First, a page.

It is the middle of 1942 and Grandpa’s three oldest boys are all in the service of Uncle Sam. Lad is at the Aberdeen Proving Grounds, Aberdeen, Maryland, instructing new recruits on the finer points of Diesel engines. Dan is in Roanoke Rapids, North Carolina, learning the intricacies of surveying and map making as part of a TOPO (Topography) Unit that will be going overseas. Ced is still in Anchorage, Alaska, working as an airplane mechanic and Bush Pilot for Woodley Aircraft, whose field has been taken over by the Army to defend Alaska. Ced keeps getting deferments but is always wondering when that will stop and he will have to join up.
Alfred Peabody Guion
July 12, 1942
You asked me to let you know how I made out in my teaching course. The class was divided into five groups, by final score on the complete course, and I was in the fourth group. Not quite as good as the best, but well up in the class. And, to top matters, I’m now, plus everything else, instructing a class in Diesel Engines. Anyhow, that could hardly be bettered in the Army, as far as I’m concerned. But it does mean a lot of work on my part, because it is a new course, and I have to lay out a teaching program and the fellow who is in on the ground floor with me (there were only two of us in the whole Dep’t.) knows very little about Diesels. In fact, I’ve had to teach him quite a bit so far. However, we get along together well, and I think I’ll enjoy the work. He is a corporal and his name is Donald Frankenhausen. Our first class starts tomorrow.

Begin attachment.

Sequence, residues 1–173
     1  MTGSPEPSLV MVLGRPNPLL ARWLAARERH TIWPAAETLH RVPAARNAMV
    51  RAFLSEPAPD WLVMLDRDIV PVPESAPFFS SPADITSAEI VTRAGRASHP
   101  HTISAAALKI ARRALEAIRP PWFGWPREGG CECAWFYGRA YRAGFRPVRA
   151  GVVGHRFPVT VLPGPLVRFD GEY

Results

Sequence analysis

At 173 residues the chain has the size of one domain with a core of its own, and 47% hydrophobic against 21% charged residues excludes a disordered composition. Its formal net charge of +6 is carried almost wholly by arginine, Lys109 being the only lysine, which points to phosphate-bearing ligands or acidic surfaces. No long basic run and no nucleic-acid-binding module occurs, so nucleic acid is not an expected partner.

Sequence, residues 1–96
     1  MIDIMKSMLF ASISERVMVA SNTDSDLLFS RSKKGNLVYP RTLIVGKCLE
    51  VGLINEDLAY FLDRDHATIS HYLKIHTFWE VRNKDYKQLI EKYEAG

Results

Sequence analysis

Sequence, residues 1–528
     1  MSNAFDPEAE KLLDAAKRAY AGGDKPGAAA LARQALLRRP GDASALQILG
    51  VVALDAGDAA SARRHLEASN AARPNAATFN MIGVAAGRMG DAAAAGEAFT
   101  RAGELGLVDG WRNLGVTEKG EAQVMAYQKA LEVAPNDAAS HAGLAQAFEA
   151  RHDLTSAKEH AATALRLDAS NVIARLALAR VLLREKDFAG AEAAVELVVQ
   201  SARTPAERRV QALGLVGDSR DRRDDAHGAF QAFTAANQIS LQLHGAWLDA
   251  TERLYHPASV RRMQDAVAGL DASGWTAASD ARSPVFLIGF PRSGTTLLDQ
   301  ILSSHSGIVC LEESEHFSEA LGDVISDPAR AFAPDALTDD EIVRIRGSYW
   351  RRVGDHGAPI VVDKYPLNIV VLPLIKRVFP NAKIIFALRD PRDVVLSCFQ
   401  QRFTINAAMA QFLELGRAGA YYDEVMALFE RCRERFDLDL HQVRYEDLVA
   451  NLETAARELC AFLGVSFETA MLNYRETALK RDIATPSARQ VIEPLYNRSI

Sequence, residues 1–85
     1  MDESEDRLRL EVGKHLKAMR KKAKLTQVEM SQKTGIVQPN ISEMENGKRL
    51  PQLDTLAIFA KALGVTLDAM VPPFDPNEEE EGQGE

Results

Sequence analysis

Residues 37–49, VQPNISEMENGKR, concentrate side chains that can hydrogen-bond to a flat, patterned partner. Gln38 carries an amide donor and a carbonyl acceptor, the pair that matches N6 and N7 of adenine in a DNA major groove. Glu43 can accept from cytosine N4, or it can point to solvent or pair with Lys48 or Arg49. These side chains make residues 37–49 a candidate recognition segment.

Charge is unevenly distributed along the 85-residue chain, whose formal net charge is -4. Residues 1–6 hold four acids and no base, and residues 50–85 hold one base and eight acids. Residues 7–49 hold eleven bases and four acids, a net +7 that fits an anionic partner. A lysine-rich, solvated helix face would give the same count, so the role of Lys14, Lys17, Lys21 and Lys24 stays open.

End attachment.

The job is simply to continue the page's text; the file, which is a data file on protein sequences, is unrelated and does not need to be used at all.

The battery for my razor arrived yesterday to the tune of $3.22 which isn’t too bad at all.
Do you remember the parade ground on which they were building? Instead of four buildings there are now 19 completed, 27 others with the floors laid and ready for the sides and roofs, 23 more with the floor frames in place and 46 in various stages of completion. In two or three weeks the complete layout will be ready for occupation. (Isn’t it just like Lad to make note of the number of buildings in various stages of construction and to write home about it?)
I’ve not had a chance to see the Captain about insurance or anything else as yet, but I hope to find time this week.
Well, I’ve got to get going on my lesson plans again, so – hasta luego –
Tomorrow, Wednesday and Thursday, a Round Robin letter from Friends and Family back in Trumbull, and on Friday, another letter from Lad.